Evidence that a plaintiff, a guest of a tenant in a tenement house of the defendant, was injured in a fall on a stairway used in common by the tenants, caused by a defect which arose after the tenancy began and which should have been discovered and remedied by the defendant, warranted a finding of breach of the defendant's duty to the plaintiff.
TORT. Writ in the Superior Court dated May 11, 1933.
Before Brogna, J., a verdict was returned for the plaintiff in the sum of $1,221. The defendant alleged exceptions.
The case was submitted on briefs.
A. Santosuosso, for the defendant.
H. F. Tracy, for the plaintiff.
DONAHUE, J. When the plaintiff was six years old she went one evening with other members of her family to visit an aunt who occupied as a tenant an upper apartment in a house owned by the defendant. The visit ended, she started to go home and was proceeding down stairways which were used in common by her aunt and by tenants in other apartments in the building, and had reached the edge of the landing at the head of stairs leading from the second to the first floor, when she felt something loose under her foot, lost her balance, and fell.
In her action for damages in the Superior Court against the owner of the building there was a verdict for the plaintiff. An exception of the defendant to the refusal of the judge to direct a verdict for the defendant is here presented.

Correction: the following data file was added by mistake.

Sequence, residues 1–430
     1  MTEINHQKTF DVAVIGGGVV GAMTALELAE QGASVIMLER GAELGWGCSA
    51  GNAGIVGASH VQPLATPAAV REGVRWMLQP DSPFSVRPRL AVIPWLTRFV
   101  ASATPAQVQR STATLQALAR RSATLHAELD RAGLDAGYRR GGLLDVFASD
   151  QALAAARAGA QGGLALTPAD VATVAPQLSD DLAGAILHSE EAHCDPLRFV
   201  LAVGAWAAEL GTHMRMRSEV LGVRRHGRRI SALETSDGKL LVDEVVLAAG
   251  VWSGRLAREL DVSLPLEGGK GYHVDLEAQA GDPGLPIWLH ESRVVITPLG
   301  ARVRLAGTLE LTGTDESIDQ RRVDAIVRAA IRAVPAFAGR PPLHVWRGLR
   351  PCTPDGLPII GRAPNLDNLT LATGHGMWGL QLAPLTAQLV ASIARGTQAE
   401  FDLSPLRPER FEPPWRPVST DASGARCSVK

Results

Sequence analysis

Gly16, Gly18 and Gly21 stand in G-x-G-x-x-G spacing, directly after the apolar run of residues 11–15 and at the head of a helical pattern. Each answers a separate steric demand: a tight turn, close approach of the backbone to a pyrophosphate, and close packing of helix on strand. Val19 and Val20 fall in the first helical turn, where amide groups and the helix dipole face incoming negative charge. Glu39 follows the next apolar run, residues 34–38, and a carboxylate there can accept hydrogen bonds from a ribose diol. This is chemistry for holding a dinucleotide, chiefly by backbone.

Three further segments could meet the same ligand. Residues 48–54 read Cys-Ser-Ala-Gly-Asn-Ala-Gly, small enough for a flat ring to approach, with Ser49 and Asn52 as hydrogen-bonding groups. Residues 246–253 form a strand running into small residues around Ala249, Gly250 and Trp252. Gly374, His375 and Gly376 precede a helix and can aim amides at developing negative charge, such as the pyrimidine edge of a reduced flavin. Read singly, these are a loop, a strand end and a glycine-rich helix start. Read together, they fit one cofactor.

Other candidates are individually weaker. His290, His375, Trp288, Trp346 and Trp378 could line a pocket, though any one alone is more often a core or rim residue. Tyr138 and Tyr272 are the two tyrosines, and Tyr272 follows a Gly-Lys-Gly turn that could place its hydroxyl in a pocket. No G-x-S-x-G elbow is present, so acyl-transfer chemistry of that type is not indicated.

The defendant owed to the plaintiff as the guest of her aunt a duty with respect to the condition of the premises. This was the same duty that the defendant owed to the tenant, the plaintiff's aunt. That was the obligation to use reasonable care to keep areas in the building, provided by the defendant for the common use of tenants in the building, in as good condition as that in which such areas appeared to be at the time of the letting to the plaintiff's aunt. Shrigley v. Boston Symphony Orchestra, Inc. 287 Mass. 300 , 303, and cases cited. Coupe v. Platt, 172 Mass. 458 . The principle of the case of Comeau v. Comeau, 285 Mass. 578 , on which the defendant relies, is not here applicable. There a guest sued her host for damages caused by a defect in premises owned by the host.
The plaintiff's aunt hired her apartment four months or more before the time of the plaintiff's fall. There was testimony that, at the time of the hiring, the landing at the place where the plaintiff later fell was painted, and "was good," "looked nice," but that a change had come by the time the aunt had been a tenant for two or three months. The paint then had come off, the edge of the landing was "broken," "worn out," and a portion was "broken off." There was also testimony which described the landing as it appeared immediately after the fall as "worn," "broken," with "little cracks and . . . splinters coming out." The defendant's husband went to the premises in question to collect rents once or twice a month and sometimes more often.
The evidence, if believed, warranted the jury in finding that there was a defect at the edge of the landing which caused the plaintiff's fall; that the landing was not then in the condition as to safety that it appeared to be in when the plaintiff's aunt hired the apartment; that by the use of reasonable care the defect might have been discovered and remedied; and that the plaintiff was in the exercise of due care. Bennett v. Jordan Marsh Co. 216 Mass. 550 . Blease v. Webber, 232 Mass. 165 . Tovey v. G. E. Lothrop Theatres Co. 288 Mass. 346 . Marquis v. John Nesmith Real Estate Co. 300 Mass. 203 .